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Creating a baseline from your employees gives you only half the answer
August 24, 2014 8:00:00 PM EDT   By Mike Russiello

It's only natural.

graphic showing Earth with only half of the planet visible

A new customer recently shared his plan to test a group of his current employees to develop a better feel for our test results. After a short conversation, he could see that while this approach can be helpful, only by testing applicants over time would he get a full understanding of how well the test differentiates good from bad performers.

When you start using a particular employment test, it's difficult to know how to interpret the results relative to your own applicants. Most test result reports, including HR Avatar's, provide lots of statistics and other information. But since you need to subjectively incorporate these results into your decision process, you want to develop an 'intuitive feel' for what the results mean relative to your specific applicants.

To develop a feel for how the test relates to future job success, you need to have something to compare the test results to. An obvious solution is your current employees, since you can compare their test results to their job performance. So, you can test a bunch of employees and compare their test scores with their performance evaluations.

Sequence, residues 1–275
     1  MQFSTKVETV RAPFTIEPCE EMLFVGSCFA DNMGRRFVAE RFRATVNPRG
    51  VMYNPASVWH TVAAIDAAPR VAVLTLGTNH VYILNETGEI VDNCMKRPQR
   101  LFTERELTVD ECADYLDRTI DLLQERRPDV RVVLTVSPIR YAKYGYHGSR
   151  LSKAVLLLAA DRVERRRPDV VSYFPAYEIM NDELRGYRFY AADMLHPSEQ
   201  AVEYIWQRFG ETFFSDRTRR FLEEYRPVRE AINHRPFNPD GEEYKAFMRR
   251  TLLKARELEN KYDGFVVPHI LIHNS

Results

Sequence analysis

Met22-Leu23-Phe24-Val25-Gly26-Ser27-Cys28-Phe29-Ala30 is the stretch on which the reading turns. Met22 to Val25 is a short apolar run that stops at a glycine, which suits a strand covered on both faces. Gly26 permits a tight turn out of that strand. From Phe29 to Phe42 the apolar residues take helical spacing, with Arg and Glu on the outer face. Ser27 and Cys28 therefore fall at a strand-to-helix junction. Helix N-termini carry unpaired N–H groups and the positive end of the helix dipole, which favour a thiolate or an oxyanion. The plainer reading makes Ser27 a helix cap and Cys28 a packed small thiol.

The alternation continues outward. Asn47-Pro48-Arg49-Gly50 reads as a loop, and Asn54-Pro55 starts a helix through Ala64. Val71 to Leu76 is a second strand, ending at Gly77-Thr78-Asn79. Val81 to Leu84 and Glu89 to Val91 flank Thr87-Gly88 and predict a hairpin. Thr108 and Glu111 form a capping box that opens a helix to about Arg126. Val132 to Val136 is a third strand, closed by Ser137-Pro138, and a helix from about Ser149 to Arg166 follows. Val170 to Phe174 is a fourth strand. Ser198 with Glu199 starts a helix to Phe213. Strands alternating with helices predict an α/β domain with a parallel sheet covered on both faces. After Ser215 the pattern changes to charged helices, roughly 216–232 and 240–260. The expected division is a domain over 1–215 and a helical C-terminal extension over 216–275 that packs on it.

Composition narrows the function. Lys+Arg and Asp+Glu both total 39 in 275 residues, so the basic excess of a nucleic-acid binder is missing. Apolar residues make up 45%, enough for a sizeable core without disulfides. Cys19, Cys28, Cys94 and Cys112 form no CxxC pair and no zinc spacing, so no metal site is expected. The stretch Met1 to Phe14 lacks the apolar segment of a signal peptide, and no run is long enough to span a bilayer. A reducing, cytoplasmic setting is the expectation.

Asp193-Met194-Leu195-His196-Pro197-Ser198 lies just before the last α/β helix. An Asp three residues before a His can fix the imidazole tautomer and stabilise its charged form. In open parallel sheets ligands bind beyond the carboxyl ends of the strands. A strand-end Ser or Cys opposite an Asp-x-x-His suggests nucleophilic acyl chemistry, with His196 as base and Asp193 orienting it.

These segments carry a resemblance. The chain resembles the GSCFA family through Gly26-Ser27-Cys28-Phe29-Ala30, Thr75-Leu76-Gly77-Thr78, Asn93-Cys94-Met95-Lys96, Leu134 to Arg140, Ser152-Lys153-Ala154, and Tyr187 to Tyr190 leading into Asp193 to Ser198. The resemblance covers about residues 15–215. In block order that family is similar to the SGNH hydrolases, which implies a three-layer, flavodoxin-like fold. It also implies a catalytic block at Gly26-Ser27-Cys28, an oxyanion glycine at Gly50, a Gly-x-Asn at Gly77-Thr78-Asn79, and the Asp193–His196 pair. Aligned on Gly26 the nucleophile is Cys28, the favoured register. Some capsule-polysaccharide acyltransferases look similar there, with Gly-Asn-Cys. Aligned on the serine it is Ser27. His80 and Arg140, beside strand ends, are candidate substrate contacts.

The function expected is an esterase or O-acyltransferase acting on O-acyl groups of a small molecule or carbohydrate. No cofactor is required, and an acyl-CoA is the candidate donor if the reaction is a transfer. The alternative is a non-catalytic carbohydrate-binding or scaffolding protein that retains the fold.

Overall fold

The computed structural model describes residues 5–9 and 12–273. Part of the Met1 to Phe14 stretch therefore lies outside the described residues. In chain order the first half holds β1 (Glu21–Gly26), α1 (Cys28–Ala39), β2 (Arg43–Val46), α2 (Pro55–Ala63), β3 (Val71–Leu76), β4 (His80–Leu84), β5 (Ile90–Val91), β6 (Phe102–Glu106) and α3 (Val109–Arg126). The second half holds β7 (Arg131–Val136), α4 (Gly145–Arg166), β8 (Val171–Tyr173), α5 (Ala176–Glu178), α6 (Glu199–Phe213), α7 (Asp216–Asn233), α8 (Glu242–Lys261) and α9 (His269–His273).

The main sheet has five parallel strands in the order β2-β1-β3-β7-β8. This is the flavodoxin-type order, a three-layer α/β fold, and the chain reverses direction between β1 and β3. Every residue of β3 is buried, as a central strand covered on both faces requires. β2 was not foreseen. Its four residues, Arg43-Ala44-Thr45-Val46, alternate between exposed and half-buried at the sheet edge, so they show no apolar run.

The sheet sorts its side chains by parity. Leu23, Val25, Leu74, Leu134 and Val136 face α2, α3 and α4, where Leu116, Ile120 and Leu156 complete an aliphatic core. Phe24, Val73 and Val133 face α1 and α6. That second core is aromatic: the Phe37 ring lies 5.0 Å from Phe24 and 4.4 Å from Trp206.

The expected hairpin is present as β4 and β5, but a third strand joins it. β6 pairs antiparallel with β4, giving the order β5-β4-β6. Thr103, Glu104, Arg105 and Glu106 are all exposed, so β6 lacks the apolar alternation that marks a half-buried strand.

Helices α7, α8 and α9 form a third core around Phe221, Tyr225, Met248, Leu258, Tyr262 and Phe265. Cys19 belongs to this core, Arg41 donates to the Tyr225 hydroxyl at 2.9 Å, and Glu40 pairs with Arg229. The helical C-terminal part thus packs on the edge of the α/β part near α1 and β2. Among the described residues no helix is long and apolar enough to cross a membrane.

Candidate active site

So, why not?

This approach validates whether test scores correlate with good performance. But what about the unsatisfactory performers? What if they also score well on the test?

Unfortunately, if we assume that unsatisfactory performance results in termination from your company, very few of the employees you test will be unsatisfactory performers. So, you won't be able to tell if the test separates the good from the bad performers just by testing your current employees.

In other words, testing only your own employees will tell you if high test results equals good performance but not if low test results equals poor performance. You only have half the answer.

So, what should you do?

It's not that you shouldn't test your staff to get a better feel for how the test results relate to job performance in your company. However, you just need to recognize that doing so only gives you half the answer. Until you have a good feel for how well the test differentiates candidates in your specific company, you should give the test scores less weight in your decision process. Then, as you test more and more job applicants and compare their test scores with their resumes, references, interviews, and other sources of data you collect, you will gain a better feel for how well the test differentiates between good and poor performers. As you gain this experience, you can weight the test results more heavily in your decision process.

Keep in mind that pre-employment tests should be used as an input to your decision process and almost never as a single pass/fail hurdle. Give the test results weight in your decision-making proportional to your experience with the test, rather than trusting it implicitly from the get go. As you gain confidence in the test results, you can begin to assign the results more weight as you make your selection decisions. Testing your current employees can help you get halfway there, but only consistently testing your applicants can get you all the way.

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